Wednesday, 13 February 2013

A world of books


It is tricky to get definitive numbers, but let’s say that 100,000 new fiction titles are published every year in the English language. What then are the chances of a particular book reaching the best seller lists? Mathematicians among you can work out the odds. I daren't even try, for they must be frighteningly high.

For new or wannabe authors, and these days there are many, it’s a daunting prospect. Good books will simply be crushed in the rush. Being ignored is bad enough, but Professional reviews – if a writer can get them – can be caustic, and the comment section of Amazon is noted for driving struggling new writers to contemplating suicide.

 I've read that publishers tend to concentrate the PR budget on perhaps half a dozen books and the rest are left to fend for themselves. That means the author has to roll up his or her sleeves and do what they can via electronic technology, for without some sort of exposure, the book will remain unnoticed and unread. Unhappily, Amazon algorithms aid and abet this by taking the most popular books to the front of the list. Reviewers tend to review the same titles, bookshops stock the titles they thiink will sell, and usually they’re all choosing the sort of read you would expect to find in the top fifty books of the year. None of this is geared toward finding the debut or middle list author.

The reader takes few risks in this burgeoning market. Some, spending almost £15 on a paperback that is too large to handle comfortably in bed and which turns out to be not such a great read after all, may go so far as to ignore that author in future. They may even write an unfavourable review. But then, readers are so very subjective in their tastes. I’ve read an awful lot of books in my life, but these days there are many books I pick up and return to library shelves unfinished. I often complain that I cannot find anything I like, which sounds as if I must be the pickiest person in the world when the numbers published are taken into account. I’m attracted by a good blurb, but often the book doesn’t live up to it.

Trying to find a good read for me means stalking the libraries, bookshops, listening to friends and dodging about the many internet  sites but eventually, even for the most dedicated, (which I am not!) the search begins to pall. There is so much on offer! How can I make a choice? It seems to me I either buy an armful, or I buy nothing. What kind of choice is that? Perhaps, just perhaps, too many books are published these days. 

7 comments:

Dean Crawford said...

It's hard to get noticed in the publishing world, that's absolutely correct, Jen. But it's been that way for many years, and while luck still plays a part it's down to the author to produce the best possible novel that they can. That's the ONLY way to beat the odds.

PR departments can only afford to promote the novels that they feel confident will sell enough copies to make a return on that investment. Publishing is a business like any other and needs to make a profit in order to survive.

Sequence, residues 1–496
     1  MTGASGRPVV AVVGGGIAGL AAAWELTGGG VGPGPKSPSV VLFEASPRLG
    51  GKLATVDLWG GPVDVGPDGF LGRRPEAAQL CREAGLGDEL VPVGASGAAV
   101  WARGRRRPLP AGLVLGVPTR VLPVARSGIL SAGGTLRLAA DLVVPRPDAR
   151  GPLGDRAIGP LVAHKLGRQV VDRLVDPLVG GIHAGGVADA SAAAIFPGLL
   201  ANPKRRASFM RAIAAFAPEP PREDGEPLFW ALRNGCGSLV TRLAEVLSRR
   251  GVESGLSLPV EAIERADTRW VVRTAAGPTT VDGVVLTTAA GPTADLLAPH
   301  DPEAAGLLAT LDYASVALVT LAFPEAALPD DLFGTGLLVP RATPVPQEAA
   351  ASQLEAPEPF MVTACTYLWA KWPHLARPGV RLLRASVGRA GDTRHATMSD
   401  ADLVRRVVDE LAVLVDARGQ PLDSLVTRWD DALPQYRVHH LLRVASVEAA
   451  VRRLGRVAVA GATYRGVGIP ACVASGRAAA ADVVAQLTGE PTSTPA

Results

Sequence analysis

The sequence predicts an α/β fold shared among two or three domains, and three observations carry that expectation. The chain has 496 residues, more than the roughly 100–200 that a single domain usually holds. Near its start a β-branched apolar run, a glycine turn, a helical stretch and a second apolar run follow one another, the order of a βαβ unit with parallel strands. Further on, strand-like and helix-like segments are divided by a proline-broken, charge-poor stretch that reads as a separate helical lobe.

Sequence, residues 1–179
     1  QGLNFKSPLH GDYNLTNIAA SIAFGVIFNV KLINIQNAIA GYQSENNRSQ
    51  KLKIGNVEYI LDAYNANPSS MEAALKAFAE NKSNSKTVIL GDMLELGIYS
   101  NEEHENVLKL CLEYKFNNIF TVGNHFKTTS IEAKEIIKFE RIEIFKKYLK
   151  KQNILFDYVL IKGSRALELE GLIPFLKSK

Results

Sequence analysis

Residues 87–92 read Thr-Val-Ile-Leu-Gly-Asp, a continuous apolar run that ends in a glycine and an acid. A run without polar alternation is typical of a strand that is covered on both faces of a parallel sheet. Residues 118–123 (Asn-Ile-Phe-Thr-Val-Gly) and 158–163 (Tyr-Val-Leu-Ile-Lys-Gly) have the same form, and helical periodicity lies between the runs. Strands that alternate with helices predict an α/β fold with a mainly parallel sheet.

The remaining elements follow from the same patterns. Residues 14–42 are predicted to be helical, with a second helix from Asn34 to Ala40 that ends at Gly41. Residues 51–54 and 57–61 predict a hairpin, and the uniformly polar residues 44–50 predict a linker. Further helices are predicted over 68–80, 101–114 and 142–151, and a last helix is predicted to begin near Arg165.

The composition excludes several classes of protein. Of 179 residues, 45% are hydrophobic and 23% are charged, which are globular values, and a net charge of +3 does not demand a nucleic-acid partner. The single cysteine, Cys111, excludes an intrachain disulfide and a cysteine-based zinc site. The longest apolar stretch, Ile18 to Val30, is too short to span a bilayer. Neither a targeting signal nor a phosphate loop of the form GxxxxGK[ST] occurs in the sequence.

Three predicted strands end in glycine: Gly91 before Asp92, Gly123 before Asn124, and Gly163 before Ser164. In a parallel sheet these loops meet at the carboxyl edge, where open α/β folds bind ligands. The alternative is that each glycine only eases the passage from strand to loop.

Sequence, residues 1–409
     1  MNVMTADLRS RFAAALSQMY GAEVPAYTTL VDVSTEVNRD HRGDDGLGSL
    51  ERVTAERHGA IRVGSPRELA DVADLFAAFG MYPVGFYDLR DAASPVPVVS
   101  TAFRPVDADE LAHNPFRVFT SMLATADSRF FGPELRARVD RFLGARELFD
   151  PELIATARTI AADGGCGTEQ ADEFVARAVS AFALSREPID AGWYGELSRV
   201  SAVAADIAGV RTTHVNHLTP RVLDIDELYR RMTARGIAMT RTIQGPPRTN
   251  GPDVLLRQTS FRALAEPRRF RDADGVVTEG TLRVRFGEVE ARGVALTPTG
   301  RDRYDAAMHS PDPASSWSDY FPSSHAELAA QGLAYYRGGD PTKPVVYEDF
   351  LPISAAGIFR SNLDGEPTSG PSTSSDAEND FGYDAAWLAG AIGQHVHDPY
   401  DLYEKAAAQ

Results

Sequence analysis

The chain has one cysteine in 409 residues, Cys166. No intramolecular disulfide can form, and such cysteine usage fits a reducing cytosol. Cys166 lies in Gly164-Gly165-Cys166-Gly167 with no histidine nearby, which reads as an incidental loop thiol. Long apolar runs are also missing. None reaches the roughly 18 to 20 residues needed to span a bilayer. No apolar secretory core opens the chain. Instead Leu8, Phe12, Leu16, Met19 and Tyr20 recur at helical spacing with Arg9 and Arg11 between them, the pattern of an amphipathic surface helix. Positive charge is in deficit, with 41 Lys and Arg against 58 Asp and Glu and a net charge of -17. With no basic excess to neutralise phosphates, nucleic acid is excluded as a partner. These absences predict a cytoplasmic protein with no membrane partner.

Once, new authors would be nurtured by publishers over many years in order for them to gain a following. Now, that's impossible - agents do the filtering for publishers and only the best get through. And, as you say, even then they often receive little support upon publication.

The only option is to keep improving your writing, keep sending work out to agencies, and keep working at it. Unfortunately, there is no silver bullet. If it seems impossible, well, that's what I thought too once, but I stuck with it and got through. If I can do it....

Jen Black said...

Ah, perhaps you underrate yourself! Dean, I'm so glad you keep encouraging me - and everyone else.

Ursula Thompson said...

These daunting numbers and the depressing outlook is almost enough for me to put everything on the shelf and forget about it. What's the point of trying to compete with 99,999 other books?

Jen Black said...

It's a good thing we have Dean's example to follow!

margaretskea said...

Yes, it's a scarily big pond out there, and I am a bit intimidated with all the 'necessary online presence' bit that the publisher wants from me, but I'm gradually trying to get to grips with it. Hard, when what I really want to do is get on with writing the sequel to my book. However I know I have to somehow manage a balance and try to raise my profile. I have the patience to try to build a readership slowly, but I'm not sure how patient my publisher will be. Hence the scary bit.

But thank you, Jen, for taking a chance on an unknown author, and for getting in touch to tell me. I really hope you enjoy the read. And I now have what looks like a very interesting blog to follow.

Dean Crawford said...

@ Ursula: If you focus too much on the odds, which isn't the way to think about it, then you're you're competing with every book ever published. However, 99% of them are obscure and unknown. Plus, as I say, it's not the way to think about it.

You're not competing with them at all: you're competing with yourself to write the best story that you can. If you do a good enough job, you'll get through. Stick with it.

Jen Black said...

Hi Margaret - hope to see you commenting here!
Jen